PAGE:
Based on: Jeremiah 23:2-6
What you think about this land that we live in? Isn’t it great to live under a monarchy? Isn’t it great to have a King ruling over us? "Now wait a minute pastor," you might say "we live in a democracy and in less than a year we are going to vote for a new president." I know there is an election coming and I know it’s already starting to make its way into the news, but our first lesson for today tells us that we live under a king, we live under a monarchy. Jesus Christ is our King. Not only is he king over his church, over believers, but he is also king over all of creation, from the President of the United States to the homeless person who lives under a bridge.
Based on: Isaiah 65:17-25
Today is Saints Triumphant Sunday. What does that mean that we celebrate Saints Triumphant Sunday? Well, we remember those whom God kept faithful to the end of their lives. We praise God for bringing them into his eternal kingdom through the death of their bodies. We also look forward to the day when we will no longer suffer because of sin in this world. We will no longer be worn down by Satan’s temptations, and no longer frustrated by our own sinful bodies preventing us from serving their Lord the way we want to. Those who have died in the faith are now in perfect bliss with their Savior – in that place in heaven Christ promised he would make for each of us when he ascended into heaven.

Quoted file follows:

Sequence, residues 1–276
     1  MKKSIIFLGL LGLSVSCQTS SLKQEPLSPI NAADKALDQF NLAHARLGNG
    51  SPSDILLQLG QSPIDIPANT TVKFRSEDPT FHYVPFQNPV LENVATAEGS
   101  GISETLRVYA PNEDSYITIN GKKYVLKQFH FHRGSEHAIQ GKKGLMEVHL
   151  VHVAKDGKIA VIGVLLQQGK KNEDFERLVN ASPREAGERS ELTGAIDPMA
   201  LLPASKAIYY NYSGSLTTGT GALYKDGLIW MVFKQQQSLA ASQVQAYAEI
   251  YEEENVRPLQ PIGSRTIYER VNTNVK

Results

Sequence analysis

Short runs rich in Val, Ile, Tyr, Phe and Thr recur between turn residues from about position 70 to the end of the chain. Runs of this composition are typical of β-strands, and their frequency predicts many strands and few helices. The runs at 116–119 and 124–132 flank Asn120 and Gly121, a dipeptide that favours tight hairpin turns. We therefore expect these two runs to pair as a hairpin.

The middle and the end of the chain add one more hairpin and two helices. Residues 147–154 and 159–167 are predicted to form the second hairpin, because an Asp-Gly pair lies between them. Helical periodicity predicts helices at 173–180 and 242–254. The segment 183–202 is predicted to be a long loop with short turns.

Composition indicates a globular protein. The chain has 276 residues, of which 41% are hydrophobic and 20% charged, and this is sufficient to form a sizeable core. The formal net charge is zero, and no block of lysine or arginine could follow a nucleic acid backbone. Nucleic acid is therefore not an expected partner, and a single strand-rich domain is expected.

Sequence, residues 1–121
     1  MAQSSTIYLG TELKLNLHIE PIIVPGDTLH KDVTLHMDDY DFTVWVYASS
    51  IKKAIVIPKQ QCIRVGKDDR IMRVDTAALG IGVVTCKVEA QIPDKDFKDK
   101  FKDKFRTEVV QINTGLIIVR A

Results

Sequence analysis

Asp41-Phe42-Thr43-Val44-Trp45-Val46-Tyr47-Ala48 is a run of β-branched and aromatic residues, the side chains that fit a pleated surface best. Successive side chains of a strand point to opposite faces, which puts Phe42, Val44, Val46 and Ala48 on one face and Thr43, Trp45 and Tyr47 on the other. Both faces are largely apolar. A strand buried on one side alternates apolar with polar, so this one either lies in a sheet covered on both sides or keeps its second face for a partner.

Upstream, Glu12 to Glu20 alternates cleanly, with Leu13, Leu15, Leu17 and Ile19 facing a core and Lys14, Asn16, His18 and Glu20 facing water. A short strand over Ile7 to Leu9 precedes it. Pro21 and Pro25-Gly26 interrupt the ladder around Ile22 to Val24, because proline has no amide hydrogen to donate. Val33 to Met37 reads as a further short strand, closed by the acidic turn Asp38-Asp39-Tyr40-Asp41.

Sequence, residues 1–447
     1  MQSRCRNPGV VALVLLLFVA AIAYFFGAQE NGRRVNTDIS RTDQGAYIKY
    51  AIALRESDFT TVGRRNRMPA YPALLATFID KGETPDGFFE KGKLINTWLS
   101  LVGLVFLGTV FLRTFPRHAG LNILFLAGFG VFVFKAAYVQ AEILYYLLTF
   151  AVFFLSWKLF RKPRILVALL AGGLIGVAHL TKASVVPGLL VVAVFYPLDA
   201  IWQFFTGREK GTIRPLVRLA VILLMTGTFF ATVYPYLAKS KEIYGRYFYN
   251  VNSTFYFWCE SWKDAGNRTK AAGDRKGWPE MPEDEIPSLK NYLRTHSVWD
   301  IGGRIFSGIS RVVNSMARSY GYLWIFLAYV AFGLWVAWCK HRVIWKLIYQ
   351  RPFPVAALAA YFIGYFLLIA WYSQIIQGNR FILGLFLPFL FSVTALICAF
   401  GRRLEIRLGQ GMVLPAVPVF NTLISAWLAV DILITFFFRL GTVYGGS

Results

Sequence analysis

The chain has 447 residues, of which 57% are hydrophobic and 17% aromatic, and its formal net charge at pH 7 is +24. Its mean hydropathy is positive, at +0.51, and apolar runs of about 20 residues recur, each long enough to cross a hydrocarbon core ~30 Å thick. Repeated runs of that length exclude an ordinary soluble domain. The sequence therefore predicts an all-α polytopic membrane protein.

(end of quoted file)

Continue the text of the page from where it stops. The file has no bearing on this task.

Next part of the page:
Based on: Jeremiah 26:1-6
Last week we celebrated the Reformation, and we heard the gospel message, which is also the Reformation message, in all three of the readings for last week. Like bells in a carillon they rang clearly and joyfully. We heard that heaven is ours because Jesus rescued us from the pit of hell when he died on the cross. Today in our reading from Jeremiah we do not hear the joyful ringing of bells, but the slow tolling of a bell as we are reminded that one day Christ will return to Judge every single soul that has ever lived on this earth.
Based on: Jeremiah 31:31-34
Today we celebrate the Reformation. Let’s take a look at the word reformation. That word carries with that the idea that you are changing something for the better, and not just that you are changing something, but you are changing it back to what it once was. You are removing the problems that were not there originally. You are removing faults or abuses that came about over time. That is the sense in which the word reform is used when someone talks about reforming a criminal or someone with an addiction.
The end of the church year is very near. In Old Testament times the Israelites had two calendars – a civil calendar and a religious calendar. Those calendars started at different times of the year.
We also have two calendars (or three if we count our fiscal calendar beginning on July 1st). We recognize January 1st as the beginning of the year for most purposes in our daily lives. Our church has a different calendar. The church calendar begins with the first Sunday in Advent, on December 2nd this year, and ends with the four Sundays of End Time, which we will celebrate in November.